According to the 2018 guidelines,1 the physician should oversee handling other potential medical situations associated with TRT, including erythrocytosis, osteoporosis, suppression of spermatogenesis, thromboembolic events, sleep apnea, and potential transfer of transdermal T to women and children.


Guidelines endorse the use of TRT only in women with hypoactive sexual desire disorder (HSDD).5,6 No TT concentration correlates with HSDD or its severity7; however, research and clinical evidence support a positive effect of T therapy on sexual desire when premenopausal physiologic levels are maintained.20 There is not a T preparation specifically approved for women in the US. Compounded oral preparations are not recommended. Before initiation of therapy, patients should receive informed consent, and shared decision-making should involve a comprehensive discussion of off-label use of male T preparations.13  

For women with HSDD, TT levels by liquid chromatography-tandem mass spectrometry (LC-MS/MS) should be monitored every 3 months, with a target level in the high-normal range for premenopausal women. If a supraphysiologic concentration of TT is reached, the most frequent side effects include acne, hirsutism, and androgenic alopecia, and the dose of T should be decreased. If there is no clinical response at the end of the 6 months, TRT should be suspended.

An important limitation of T use in females is the lack of safety data beyond 24 months.

Transgender men

Once a multidisciplinary group has established a diagnosis of gender dysphoria, IM T therapy is usually initiated at lower doses owing to the smaller size of transgender men. Levels are monitored with TT measurement midway through the T cycle (that is, on the seventh day if the cycle is 14 days). Target TT levels are within the mid-normal male range (600 ng/dL), and measurements are done every 3 months for the first year and 1 to 2 times per year thereafter.21 Monitoring of E2 should be requested until there has been no uterine bleeding for 6 months and the desired level of suppression is <50 pg/mL. Clinicians should request routine tests to rule out the development of erythrocytosis as with cisgender males.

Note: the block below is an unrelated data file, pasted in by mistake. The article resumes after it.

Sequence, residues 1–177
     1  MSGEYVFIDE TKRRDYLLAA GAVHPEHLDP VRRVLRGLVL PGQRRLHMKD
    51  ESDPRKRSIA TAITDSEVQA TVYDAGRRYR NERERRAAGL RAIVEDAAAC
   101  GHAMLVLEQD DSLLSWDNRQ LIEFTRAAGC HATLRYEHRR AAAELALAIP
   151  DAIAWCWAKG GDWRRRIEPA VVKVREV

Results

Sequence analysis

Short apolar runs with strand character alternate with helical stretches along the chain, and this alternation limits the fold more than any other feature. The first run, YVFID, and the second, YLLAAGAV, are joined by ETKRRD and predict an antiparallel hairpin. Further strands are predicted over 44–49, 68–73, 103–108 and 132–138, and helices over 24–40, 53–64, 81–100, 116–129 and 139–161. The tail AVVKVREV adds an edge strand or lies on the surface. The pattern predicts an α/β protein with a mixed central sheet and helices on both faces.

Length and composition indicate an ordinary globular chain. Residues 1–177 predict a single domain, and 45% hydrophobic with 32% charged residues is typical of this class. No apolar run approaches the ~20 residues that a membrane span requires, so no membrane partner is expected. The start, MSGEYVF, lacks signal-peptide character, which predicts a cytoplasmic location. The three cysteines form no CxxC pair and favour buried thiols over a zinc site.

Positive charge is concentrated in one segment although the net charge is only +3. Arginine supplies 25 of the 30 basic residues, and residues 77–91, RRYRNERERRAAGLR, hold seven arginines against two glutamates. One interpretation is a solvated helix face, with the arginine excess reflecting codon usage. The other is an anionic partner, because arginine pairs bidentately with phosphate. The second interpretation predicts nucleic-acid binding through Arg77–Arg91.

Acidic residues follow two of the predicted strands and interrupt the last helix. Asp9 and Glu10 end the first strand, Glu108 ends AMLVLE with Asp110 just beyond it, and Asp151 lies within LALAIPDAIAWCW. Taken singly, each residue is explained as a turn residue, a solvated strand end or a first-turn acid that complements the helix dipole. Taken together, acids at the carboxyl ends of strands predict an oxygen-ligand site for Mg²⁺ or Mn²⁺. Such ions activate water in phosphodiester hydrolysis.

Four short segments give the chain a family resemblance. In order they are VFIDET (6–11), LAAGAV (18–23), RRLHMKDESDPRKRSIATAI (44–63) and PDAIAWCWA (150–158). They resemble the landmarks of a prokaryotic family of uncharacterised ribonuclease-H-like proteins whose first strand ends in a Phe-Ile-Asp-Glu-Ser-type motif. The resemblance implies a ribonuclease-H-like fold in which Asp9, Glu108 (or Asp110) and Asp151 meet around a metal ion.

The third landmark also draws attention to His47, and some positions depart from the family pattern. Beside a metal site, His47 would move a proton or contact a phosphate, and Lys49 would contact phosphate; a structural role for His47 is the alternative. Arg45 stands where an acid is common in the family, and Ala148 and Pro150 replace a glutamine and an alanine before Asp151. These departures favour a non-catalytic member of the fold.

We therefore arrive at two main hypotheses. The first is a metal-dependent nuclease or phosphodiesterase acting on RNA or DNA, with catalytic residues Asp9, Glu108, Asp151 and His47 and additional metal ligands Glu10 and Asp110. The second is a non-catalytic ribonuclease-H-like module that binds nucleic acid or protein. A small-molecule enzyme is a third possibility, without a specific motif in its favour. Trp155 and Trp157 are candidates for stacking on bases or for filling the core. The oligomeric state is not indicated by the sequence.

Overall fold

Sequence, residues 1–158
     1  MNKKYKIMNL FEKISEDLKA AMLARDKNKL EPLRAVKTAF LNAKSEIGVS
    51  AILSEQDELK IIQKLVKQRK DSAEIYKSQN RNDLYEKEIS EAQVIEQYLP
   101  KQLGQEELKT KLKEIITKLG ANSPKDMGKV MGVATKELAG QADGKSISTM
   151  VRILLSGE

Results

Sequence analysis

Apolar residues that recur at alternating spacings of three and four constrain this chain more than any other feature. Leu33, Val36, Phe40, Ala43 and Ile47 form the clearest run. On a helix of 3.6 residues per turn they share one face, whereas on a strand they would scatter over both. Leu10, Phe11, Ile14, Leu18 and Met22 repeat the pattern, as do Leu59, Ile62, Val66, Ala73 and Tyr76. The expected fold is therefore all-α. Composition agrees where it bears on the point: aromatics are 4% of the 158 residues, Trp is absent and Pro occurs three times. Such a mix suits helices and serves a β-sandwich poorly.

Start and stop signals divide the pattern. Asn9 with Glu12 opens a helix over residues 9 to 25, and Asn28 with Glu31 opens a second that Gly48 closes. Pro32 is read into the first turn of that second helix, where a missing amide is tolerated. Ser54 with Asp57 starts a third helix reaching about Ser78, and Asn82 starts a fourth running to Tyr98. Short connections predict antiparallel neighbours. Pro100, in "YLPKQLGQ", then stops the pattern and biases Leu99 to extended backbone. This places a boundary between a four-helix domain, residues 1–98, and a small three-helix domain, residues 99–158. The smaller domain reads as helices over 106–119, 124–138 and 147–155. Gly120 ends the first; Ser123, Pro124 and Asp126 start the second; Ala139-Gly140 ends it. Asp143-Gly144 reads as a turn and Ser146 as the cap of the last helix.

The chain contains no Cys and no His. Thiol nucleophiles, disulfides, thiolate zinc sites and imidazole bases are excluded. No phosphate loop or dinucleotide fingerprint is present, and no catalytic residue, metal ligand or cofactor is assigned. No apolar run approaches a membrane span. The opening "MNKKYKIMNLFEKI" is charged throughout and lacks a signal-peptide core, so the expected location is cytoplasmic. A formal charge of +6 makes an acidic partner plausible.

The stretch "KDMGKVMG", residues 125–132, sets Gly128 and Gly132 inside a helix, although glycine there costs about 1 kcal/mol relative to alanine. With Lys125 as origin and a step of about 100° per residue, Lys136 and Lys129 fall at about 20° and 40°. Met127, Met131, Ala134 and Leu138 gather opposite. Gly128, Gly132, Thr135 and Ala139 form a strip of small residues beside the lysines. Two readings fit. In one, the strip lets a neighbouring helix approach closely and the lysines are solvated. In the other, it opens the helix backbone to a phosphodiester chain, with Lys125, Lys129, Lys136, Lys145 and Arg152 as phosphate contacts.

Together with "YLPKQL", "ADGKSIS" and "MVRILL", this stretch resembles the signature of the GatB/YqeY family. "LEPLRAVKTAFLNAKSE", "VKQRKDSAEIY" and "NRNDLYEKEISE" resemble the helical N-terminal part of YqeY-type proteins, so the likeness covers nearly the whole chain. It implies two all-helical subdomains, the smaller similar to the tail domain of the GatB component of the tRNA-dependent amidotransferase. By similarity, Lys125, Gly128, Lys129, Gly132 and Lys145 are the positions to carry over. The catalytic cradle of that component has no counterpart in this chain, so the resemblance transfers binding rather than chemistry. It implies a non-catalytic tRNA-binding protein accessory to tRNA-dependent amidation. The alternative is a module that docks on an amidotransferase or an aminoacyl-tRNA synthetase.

Transgender women

Once a multidisciplinary group has established a diagnosis of gender dysphoria, treatment consists of various formulations of 17beta estradiol (preferentially parenteral or transdermal) to obtain serum levels of around 200 pg/mL and suppression of T to the normal female range.21

Monitoring is initially done every 3 months for the first year and 1 to 2 times per year thereafter, and the dose is adjusted for supraphysiologic levels of E2 or insufficient suppression of T. 

When TT is out of range in a patient receiving TRT, many physicians think there is a problem with the assay, but that is rarely the cause. If the same sample is sent to other reference labs or the test is repeated inhouse using the same or other technologies, the results are most of the times within an acceptable margin of difference. Problems are usually caused by the timing of blood test collection, patient compliance (eg, unpredictably using the medication), or the dose, formulation, or absorption of T prescribed.

Most US men with hypogonadism receive intramuscular (IM) T esters (enanthate or cypionate) or gels for treatment. If the recommended doses of these formulations are used and T levels are monitored at the appropriate times (see Question 8), most men reach a therapeutic range and only minor dose adjustments are needed. Before changing the dose administered, some experts recommend measuring TT twice.22

No T formulation exists specifically for women; thus, female patients are more likely to develop supraphysiologic levels of TT. In almost every case, the reason is due to high doses and the use of compounded formulations that are absorbed inconsistently. The International Society for the Study of Women’s Sexual Health recommends daily doses 1/10 that of a man.13

Because transgender men are generally smaller, they are also more likely than cisgender men to develop supraphysiologic concentrations of TT. For this reason, this group of patients should receive approximately 50% to 75% of the dose prescribed to cisgender men.21

Other more rarely used formulations of T, such as oral or subcutaneous pellets, buccal or intranasal sprays, and extra-long acting IM esters, are also associated with the risk of developing supra- or sub-physiologic TT concentrations.


  1. Bhasin S, Brito JP, Cunningham GR, et al. Testosterone therapy in men with hypogonadism: an Endocrine Society clinical practice guideline. J Clin Endocrinol Metab. 2018;103:1715-1744. doi:10.1210/jc.2018-00229